Once all the items are assembled and plugged in, this is what the completed setup looks like with the room lights on.


Here is what it looks like with the room lights off.


Another angle, this is the view from my desk.


Overall, i'm quite pleased with the setup.

Time come up with some inspiration and ideas to scape them. :)

Wednesday, 22 May 2013

32 Litre "Tapestry Garden" Tank - Otocinclus Cocama

Otocinclus Cocama (aka Zebra Oto) resting on a leaf...



Looks comfortable. :)

As you'll notice in this close-up photo, otocinclus seem to have fine "hairs" on their skin. Those are actually referred to as odontodes, bony protrusions made of dentine/enamel material.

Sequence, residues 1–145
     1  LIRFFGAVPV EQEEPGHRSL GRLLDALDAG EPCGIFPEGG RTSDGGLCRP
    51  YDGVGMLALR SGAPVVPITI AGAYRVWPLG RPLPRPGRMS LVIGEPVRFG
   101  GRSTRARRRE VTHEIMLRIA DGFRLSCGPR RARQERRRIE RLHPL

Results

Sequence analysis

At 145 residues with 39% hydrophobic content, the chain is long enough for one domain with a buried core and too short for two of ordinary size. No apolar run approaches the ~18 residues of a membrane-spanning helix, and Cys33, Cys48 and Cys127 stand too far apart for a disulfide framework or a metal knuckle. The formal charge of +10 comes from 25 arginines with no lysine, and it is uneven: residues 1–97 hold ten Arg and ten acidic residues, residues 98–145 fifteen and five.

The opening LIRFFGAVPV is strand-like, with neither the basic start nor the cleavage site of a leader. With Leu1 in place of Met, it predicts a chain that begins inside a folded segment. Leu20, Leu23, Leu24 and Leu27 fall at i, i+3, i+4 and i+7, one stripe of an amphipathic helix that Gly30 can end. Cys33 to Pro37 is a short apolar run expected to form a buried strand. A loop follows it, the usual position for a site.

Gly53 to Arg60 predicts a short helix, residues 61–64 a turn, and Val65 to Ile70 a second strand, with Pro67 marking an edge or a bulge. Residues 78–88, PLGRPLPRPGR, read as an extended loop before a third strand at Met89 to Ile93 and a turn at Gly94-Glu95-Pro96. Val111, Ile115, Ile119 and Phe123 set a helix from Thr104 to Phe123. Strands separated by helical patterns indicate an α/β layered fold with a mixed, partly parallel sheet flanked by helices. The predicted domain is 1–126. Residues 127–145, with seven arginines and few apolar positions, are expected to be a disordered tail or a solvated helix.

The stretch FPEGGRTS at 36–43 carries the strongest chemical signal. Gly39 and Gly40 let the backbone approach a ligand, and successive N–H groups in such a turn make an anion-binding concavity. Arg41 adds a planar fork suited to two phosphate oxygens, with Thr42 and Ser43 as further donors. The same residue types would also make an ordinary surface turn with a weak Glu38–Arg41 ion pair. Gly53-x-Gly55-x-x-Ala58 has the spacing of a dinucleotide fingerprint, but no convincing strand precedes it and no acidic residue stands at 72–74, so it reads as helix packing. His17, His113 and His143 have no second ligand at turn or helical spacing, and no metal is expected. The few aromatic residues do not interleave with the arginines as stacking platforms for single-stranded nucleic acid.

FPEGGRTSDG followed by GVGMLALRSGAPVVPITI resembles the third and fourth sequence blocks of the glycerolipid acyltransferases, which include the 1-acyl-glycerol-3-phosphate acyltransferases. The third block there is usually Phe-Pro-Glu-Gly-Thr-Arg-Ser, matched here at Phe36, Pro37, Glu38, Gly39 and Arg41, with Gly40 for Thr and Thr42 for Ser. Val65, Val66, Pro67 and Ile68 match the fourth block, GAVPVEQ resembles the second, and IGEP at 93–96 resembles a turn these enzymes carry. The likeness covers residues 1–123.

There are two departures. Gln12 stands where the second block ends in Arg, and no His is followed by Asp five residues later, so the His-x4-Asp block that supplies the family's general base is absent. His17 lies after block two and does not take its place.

32 Litre "Tapestry Garden" Tank - A Closer Look

I've been receiving a number of queries about the plants in this tank, seems there is some interest in them. I'm new to these plants too, so this is also a learning experience for me.

To share some additional insight and a closer look, here are some of my own preliminary observations on the various plants in the tank.

Ludwigia Glandulosa


This plant is quite unusual in that it has a very striking purplish-red coloration on the stems and undersides of the leaves... the color is very intense and it looks almost "unreal" when one sees it for the first time. I had people who looked into the tank asking me if this plant was real or fake. :)

The stems and leaves on this plant are strong. Easy to plant into the substrate and it grows side roots very quickly.


Hygrophila Polysperma 'Sunset'